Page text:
After recently installing Windows 7, I found that I was unable to access the “default admin shares” for my local drives, namely \\ME\C$. I was able to see the machine on my local network, so I know that the firewall wasn’t the problem. If I shared out something explicitly, I could see that from other machines as well: File Sharing was turned on. On other networks, I know that I’ve been able to access the C$ share from other machines, so the functionality was still there, but likely just turned off.
From HowToGeek.com, I found a registry setting that would allow this. Go to HKEY_LOCAL_MACHINE\SOFTWARE\Microsoft\Windows\CurrentVersion\Policies\System, add a new DWORD called LocalAccountTokenFilterPolicy and set its value to 1 and reboot. Want to revert? Delete the key or set it 0.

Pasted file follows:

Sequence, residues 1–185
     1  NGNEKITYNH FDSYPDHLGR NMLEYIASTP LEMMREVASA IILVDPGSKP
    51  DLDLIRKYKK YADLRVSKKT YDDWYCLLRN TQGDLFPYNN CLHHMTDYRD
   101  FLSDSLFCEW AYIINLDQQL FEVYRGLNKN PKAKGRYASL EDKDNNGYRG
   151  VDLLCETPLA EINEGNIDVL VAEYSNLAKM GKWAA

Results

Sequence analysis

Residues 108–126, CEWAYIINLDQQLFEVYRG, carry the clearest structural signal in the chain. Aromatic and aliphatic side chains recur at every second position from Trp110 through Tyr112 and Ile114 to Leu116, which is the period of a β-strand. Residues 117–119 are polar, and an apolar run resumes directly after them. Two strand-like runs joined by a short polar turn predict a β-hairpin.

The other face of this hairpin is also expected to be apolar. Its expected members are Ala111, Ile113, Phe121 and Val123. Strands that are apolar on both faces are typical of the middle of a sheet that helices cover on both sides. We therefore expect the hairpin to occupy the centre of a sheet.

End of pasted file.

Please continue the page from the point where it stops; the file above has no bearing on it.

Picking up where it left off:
I must have done this for Vista as well, but I don’t remember doing it… either way, it works. And this was the “last” box. All of my machines are Windows 7 64-bit including VM’s and Bootcamp partitions. My Lenovo S10 had to settle for the 32-bit version of Windows 7 because Atom didn’t like the x64 version. The only other OS I see daily is from a couple of servers which are Windows 2008 (and awaiting an R2 installation).
And so Vista slips away …as XP, 2000, NT, 98, 95, and 3.11 did before it.
3 thoughts on “Windows 7: Allowing Access to C$”
you probably already know this but your Lenovo S10 has an Atom N270 processor and it doesn’t like x64 os’s because it’s not a 64-bit processor.
TY TY TY, I needed that for my backuppc, it WORKS finally
Admins may need this for centrally deployed apps. Kaspersky Administration is a good example.